1. Enact legislation prohibiting discrimination against CAM providers, schools, and educational programs in all federal programs and initiatives, especially in the removal of barriers to integrated health care in rural and underserved communities. Passage of such legislation will be seen as comparable in national significance to legislation guaranteeing civil rights. It will dramatically expand patients' options while significantly reducing healthcare costs and federal expenditures on health care.
2. Create a federal office on integrated healthcare. A federal office will help foster the creation of an integrated system of care that should become the new model for healthcare delivery. The office will help strengthen the CAM professions and allow them to become an integral part of this new system. It will also facilitate consumer access to integrated health care.
3. Increase appropriations for health services research to foster health promotion and disease prevention. With resources adequately directed to primary prevention and health promotion, consumers, practitioners, and purchasers will gain a more expansive understanding of the role of self-care and prevention-oriented strategies in controlling and reducing costs and improving lifelong health.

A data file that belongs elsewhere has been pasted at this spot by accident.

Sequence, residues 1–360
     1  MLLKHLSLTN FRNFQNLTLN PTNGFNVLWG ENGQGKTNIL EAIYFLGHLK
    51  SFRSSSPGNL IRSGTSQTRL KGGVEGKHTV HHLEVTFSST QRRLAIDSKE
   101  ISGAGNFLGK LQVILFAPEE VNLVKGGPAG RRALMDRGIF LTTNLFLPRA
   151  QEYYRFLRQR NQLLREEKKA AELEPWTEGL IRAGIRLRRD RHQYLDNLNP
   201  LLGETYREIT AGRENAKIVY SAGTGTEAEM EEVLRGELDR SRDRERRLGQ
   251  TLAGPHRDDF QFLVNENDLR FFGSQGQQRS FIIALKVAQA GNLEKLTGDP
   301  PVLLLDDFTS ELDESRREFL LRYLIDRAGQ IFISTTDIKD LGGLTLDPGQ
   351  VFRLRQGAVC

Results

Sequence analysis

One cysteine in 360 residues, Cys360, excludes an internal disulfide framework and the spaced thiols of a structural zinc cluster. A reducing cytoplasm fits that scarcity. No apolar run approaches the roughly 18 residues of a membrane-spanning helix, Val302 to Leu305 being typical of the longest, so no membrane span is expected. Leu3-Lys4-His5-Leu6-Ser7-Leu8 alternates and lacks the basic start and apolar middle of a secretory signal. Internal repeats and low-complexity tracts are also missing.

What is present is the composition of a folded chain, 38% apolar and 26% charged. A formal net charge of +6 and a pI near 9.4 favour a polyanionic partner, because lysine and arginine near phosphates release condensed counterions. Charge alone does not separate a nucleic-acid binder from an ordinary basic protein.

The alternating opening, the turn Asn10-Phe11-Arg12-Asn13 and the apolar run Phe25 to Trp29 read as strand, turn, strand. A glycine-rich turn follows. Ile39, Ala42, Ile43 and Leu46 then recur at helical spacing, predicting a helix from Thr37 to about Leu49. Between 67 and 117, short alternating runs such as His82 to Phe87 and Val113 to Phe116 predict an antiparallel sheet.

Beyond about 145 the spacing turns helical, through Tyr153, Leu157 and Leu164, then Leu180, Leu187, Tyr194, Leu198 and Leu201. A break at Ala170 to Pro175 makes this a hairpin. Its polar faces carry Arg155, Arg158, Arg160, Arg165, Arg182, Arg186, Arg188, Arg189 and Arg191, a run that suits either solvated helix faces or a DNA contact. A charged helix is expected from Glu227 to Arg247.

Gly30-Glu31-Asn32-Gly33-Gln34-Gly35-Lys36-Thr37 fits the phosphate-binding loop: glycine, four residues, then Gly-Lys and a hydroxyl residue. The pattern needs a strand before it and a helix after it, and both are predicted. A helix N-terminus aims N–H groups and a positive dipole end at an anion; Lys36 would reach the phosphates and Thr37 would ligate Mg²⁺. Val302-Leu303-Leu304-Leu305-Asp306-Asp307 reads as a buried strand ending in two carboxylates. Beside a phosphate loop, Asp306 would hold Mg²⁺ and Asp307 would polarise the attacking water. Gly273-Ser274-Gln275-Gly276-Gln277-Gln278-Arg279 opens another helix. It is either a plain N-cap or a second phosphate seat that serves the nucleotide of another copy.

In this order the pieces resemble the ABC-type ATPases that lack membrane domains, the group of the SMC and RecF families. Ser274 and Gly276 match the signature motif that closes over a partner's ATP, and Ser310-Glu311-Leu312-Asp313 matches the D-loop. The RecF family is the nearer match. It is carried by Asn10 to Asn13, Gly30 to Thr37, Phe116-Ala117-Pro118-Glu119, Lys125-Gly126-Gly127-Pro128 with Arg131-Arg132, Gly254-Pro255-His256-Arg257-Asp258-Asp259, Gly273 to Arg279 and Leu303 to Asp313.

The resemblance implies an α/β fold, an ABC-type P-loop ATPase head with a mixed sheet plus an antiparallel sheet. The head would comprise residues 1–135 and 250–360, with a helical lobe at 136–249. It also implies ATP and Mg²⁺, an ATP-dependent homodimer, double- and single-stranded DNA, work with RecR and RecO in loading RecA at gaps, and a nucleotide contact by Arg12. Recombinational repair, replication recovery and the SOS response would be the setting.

4. Secure federal support for education and training programs, for both conventional and CAM schools, to produce a core, integrated curriculum. Patients will be able to work with a variety of health professionals who have a deep understanding of the different systems of health care, and an appreciation of the benefits derived from various approaches. A properly integrated system will also yield improved professional competency, resulting in more effective and more respectful collaboration among practitioners.